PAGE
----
(4) The main image is a sofa with two people sitting on it, a child knitting and (probably) a young adult (parent or older sibling) reading a newspaper. The sofa appears large, but we must consider the possibility that this is an illusion created by employing petite models. The sofa is seen in a plain white environment, with no wall/floor line or other indications that it is in a room. We have a sense of ‘open space’ rather than the slightly claustrophobic impression of a large piece of furniture in a small room.

(5) The newspaper, with the masthead ‘Loaf Times’ (both referencing the advertiser and suggesting the social class of the reader) carries two notional headlines: “Secret knitter strikes” sets a context for the knitting child, causing us to wonder if he/she is the ‘secret knitter’ of the headline. “Britain casts off winter blues” suggests hope for better weather, the concept of spring cleaning (and by extension, redecoration or refurnishing) and also contains a knitting pun, linking to the ‘secret knitter’ theme. These are examples of relay text, rather than the anchorage of items 1-3.

(6) The scarf being knitted is red and white (definitely not ‘winter blue’), matching the sale text (2a) and also the adult’s socks (7), suggesting that they were a previous project. At this stage, having marked-up and scanned the image, I noticed the cable-knit trousers – a nice bit of Barthesian punctum. The connection between the two figures, and the various knitted items, is made by the loosely draped red thread (8), which also links to the lettering style of the logo (1)

Deconstruction – with or without Derrida

The Wikipedia (2018) article on ‘Deconstruction’ tells us that “While common knowledge in continental Europe (and wherever Continental Philosophy is in the mainstream), Deconstruction is not adopted or accepted by most philosophy departments in universities where Analytic Philosophy has the upper hand”. Britannica (2018) is more forthright, “Some philosophers, especially those in the Anglo-American tradition, dismissed it as obscurantist wordplay whose major claims, when intelligible, were either trivial or false.” , a comment which I read with considerable relief as it chimed with my own views when attempting to read ‘The Principle of Reason’ (Derrida, 1983) to place the quotation on page 100 of the course notes into context.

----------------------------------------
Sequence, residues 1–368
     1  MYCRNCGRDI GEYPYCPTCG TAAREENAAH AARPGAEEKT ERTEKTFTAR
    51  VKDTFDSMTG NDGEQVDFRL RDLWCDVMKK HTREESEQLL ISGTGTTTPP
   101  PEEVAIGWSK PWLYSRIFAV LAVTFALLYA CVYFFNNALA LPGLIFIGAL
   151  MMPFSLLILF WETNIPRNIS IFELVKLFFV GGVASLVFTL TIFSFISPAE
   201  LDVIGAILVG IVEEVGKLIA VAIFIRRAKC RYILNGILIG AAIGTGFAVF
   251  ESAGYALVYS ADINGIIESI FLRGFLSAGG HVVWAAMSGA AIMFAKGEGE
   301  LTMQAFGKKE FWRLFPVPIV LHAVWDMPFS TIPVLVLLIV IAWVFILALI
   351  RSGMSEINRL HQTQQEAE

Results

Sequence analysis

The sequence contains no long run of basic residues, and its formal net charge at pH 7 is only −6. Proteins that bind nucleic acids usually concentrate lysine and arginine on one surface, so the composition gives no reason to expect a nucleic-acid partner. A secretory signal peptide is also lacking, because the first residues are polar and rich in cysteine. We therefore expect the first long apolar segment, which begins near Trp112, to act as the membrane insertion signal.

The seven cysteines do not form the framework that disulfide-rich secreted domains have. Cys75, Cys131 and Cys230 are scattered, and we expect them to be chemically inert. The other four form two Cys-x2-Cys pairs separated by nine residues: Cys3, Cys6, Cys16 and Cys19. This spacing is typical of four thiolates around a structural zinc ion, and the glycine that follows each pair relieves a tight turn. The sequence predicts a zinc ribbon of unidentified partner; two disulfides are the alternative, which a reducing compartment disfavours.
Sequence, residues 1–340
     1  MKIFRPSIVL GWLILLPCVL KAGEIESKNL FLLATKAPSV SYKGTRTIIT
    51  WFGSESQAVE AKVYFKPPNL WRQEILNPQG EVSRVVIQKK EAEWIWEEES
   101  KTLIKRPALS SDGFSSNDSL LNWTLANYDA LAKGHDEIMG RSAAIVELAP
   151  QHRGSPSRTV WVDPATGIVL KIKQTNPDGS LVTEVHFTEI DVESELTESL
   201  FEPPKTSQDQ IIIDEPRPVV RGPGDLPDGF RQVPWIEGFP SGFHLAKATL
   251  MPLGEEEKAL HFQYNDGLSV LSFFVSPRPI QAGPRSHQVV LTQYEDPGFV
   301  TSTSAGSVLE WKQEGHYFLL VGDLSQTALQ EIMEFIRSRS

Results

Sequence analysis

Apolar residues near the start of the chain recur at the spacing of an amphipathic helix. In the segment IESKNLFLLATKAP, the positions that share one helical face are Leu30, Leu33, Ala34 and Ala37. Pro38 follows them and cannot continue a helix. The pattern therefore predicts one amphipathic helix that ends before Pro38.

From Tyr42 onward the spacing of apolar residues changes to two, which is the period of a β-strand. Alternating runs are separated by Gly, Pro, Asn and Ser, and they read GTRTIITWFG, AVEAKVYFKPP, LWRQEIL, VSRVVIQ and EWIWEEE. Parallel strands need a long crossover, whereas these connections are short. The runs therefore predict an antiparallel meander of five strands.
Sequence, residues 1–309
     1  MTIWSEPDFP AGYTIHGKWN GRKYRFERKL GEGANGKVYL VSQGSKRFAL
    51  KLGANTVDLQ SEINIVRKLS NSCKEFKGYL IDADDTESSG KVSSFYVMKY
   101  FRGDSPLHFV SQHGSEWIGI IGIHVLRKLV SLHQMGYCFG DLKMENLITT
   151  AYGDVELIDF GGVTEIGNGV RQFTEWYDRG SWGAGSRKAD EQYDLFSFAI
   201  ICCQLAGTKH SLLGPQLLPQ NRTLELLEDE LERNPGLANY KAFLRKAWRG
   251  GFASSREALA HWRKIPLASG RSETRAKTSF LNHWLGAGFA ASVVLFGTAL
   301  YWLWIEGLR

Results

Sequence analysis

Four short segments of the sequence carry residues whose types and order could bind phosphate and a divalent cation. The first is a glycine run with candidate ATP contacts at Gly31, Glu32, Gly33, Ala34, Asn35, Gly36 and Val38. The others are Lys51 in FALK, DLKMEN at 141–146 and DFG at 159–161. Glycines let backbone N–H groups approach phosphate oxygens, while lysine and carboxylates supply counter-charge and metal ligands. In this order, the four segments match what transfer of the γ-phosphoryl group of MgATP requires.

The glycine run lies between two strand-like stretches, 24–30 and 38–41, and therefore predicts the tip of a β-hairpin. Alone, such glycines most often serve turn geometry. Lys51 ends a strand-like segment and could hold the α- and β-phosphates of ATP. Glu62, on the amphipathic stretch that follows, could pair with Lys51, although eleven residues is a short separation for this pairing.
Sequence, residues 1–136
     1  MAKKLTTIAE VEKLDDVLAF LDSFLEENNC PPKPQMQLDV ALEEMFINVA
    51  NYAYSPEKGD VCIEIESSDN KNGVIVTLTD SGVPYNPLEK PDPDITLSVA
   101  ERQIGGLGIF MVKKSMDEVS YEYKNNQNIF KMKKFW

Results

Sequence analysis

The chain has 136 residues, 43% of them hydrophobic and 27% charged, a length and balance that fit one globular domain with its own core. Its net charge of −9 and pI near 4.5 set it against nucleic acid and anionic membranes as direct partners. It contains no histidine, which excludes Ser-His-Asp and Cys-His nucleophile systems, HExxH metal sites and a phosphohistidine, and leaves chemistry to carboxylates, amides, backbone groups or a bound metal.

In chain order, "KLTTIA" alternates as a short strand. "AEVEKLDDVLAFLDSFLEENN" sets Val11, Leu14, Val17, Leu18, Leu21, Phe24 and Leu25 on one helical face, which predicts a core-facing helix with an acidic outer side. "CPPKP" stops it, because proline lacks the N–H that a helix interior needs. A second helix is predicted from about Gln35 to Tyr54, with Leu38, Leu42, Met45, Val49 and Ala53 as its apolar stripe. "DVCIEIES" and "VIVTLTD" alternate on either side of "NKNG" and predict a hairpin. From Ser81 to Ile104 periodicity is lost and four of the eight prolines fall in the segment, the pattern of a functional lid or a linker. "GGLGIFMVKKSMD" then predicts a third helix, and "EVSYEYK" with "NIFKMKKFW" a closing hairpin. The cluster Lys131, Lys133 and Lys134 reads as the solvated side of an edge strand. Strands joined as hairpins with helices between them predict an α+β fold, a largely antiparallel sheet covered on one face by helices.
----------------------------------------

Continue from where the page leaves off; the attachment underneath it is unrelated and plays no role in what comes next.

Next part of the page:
The quotation appears seven pages into an 18-page essay (apparently notes for a lecture at Cornell University) full (at least, for the seven pages which I read) of repetition, circularity and wordplay. To be fair, Derrida’s topic was essentially circular, a discussion of whether the principles underlying reason could be subject to reason itself. This sort of discussion is akin to DIY brain surgery and also crops up in mathematical number theory and discussions of deconstruction in the linguistic sense. In each case the philosopher (for lack of a better term) is attempting to define the basis of a system of description, while using that same system to do it.